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My Works

The Anniversary

High-tech political thriller set in the aftermath of the assassination of the first female U.S. president.

Elected by a landslide, Melanie Lombard had been president for just three days when an assassin's bullet took her life. A year later, her best friend, computer software executive Nora Whitney, struggles to protect the late president's legacy from a persistent biographer and ends up being drawn into a political underground with deadly dimensions.

January 23rd

British edition of The Anniversary

High Ground

When handsome, big-hearted Jesse McKay flies off a cliff on the back of a motorcycle that can't quite make the curve, he leaves behind a beloved wife, a budding business, a host of stray people and animals, and a big secret. Wyn McKay is left to untangle the mess, with the help of a dysfunctional freeloader, a 14-year-old runaway, an eccentric mountain man and a three-legged cat.

A work in progress, this novel centers around moral dilemmas, pervading disorder, loss, greed, and our responsibilities to one another.

Neighborhood Watch

Writing this story was a lot of fun. The anthology was edited by my good friend Greg Bardsley and his colleagues Kieran Shea and Jedidiah Ayres. It's chock full of imaginative and delicious noir.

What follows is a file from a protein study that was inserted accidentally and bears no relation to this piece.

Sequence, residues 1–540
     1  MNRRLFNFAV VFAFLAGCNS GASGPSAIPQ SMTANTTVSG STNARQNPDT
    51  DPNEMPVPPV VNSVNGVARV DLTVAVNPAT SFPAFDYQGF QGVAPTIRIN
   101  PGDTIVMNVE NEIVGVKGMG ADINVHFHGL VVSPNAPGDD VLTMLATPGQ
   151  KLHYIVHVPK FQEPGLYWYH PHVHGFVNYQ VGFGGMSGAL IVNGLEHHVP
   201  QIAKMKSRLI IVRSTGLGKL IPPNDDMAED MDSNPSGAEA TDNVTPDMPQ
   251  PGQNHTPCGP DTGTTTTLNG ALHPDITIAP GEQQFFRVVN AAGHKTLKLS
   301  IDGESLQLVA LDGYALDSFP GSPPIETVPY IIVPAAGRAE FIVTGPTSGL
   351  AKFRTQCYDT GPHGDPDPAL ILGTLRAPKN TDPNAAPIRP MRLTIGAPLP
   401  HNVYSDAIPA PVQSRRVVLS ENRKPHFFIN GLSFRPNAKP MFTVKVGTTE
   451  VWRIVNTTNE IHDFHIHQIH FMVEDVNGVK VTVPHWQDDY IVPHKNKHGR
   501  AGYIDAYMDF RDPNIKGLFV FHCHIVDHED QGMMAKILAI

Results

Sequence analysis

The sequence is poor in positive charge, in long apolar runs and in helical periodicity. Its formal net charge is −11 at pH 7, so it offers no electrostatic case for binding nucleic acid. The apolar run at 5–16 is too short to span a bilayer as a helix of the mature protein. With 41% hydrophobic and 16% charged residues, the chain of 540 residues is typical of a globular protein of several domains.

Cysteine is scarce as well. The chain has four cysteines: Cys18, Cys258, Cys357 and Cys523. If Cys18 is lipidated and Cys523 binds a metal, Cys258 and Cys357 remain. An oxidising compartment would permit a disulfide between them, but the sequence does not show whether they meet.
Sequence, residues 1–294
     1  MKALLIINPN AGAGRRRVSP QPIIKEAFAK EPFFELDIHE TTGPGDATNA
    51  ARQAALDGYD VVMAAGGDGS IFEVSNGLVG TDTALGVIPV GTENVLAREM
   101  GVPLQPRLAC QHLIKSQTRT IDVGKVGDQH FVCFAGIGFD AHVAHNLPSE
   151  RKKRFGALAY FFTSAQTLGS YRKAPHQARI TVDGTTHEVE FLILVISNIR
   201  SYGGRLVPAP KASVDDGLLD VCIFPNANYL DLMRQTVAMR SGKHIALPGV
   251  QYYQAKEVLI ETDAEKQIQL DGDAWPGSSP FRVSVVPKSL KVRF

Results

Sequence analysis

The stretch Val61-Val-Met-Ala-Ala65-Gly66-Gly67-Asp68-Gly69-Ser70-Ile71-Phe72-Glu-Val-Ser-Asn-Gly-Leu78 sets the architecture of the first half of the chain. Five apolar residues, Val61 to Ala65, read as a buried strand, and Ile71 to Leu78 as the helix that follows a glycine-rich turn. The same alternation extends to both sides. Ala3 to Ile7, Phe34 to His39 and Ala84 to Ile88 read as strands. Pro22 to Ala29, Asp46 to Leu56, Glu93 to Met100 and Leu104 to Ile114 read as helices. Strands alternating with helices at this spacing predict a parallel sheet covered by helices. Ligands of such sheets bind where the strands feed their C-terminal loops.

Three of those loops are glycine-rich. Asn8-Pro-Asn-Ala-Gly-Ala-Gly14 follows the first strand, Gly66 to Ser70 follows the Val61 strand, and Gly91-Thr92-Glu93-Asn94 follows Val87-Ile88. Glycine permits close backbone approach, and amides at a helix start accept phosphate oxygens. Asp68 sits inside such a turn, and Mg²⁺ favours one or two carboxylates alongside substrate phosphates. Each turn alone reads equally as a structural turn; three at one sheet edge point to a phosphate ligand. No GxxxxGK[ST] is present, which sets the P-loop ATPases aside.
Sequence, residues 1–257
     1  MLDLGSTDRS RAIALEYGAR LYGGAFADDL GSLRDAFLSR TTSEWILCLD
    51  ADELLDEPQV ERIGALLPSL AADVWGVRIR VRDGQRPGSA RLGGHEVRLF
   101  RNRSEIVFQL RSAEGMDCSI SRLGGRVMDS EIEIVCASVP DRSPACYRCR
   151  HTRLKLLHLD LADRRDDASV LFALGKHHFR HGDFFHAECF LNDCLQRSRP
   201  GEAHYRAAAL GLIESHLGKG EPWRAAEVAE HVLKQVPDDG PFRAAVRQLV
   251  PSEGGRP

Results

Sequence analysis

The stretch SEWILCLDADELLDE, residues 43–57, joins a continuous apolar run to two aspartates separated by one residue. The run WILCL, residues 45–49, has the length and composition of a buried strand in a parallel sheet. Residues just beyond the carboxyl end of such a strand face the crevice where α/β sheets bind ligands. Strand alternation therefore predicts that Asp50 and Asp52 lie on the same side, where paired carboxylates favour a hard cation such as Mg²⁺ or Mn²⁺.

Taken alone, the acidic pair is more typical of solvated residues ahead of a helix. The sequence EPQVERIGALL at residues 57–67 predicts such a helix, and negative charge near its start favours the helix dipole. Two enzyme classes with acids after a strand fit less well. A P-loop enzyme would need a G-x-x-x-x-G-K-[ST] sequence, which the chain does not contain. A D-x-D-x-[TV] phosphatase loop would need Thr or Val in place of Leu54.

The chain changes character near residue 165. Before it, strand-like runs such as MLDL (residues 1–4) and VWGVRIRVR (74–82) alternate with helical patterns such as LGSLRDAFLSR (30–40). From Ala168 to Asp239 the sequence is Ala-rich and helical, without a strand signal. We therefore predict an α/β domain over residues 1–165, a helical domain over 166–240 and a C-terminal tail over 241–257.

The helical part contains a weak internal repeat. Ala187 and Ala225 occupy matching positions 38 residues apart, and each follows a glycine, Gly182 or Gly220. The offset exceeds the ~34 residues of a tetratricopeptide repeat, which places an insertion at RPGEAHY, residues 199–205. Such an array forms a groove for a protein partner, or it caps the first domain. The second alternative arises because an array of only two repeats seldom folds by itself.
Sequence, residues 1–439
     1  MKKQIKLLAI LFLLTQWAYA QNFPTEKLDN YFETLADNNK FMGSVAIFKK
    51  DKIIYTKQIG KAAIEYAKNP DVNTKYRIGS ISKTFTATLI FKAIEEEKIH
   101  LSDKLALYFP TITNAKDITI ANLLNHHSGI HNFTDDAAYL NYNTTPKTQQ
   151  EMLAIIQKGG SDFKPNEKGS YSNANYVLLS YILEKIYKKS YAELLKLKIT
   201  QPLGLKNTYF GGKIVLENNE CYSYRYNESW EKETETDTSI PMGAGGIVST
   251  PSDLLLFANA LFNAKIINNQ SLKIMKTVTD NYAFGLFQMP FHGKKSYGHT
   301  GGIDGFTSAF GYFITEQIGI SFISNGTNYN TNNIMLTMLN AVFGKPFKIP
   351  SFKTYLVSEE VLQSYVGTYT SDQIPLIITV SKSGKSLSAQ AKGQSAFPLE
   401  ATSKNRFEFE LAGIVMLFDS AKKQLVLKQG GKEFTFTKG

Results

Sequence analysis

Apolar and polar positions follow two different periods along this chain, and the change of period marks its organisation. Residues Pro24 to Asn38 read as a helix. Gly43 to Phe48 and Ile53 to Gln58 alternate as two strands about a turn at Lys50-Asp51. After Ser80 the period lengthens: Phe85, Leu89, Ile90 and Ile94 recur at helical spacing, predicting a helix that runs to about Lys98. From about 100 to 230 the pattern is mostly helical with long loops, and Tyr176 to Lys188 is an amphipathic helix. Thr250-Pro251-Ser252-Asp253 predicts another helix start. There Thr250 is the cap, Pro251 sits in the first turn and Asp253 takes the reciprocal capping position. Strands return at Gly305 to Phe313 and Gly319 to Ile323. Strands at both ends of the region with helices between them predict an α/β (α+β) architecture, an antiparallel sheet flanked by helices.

From Chris Rhatigan's review: "This is a cracking collection of stories by reliable crime fiction authors all with a unique take on The Veep. I particularly liked Rachel Canon's "Neighborhood Watch." A down-on-his-luck Cheney makes a voyage to a dystopian suburb, meeting up with some badass soccer moms. I hadn't read any of Canon's work before but I will definitely be on the lookout in the future."

Can't ask for a better review than that. Maybe I should switch genres.

Country Road

County Road appeared in Turning Up The Leaves -- A Sesquicentennial Miscellany of Coe College Alumni Writing, edited by Terry Heller. The story is about a woman who revisits her home town, only to end up paralyzed on a remote country road.

Message to myself: You can go home again, but maybe you shouldn't.


Unwinding was the winner of UnEarth magazine's short story contest and is my completion of a story begun by Harlan Ellison, who wrote the first few paragraphs. It was published in Unearth's Second Anniversary Issue, along with stories from the likes of Philip K. Dick, Fritz Leiber, Hal Clement and Michael Moorcock. Can't beat that for lofty SF company.


Barbephobia appeared in a small poetry chapbook titled BBQed Poetry, edited by Keith Dodson for P.O. Press in Long Beach, CA. The little magazine was full of witty and insightful takes on the ancient tradition of backyard barbecue.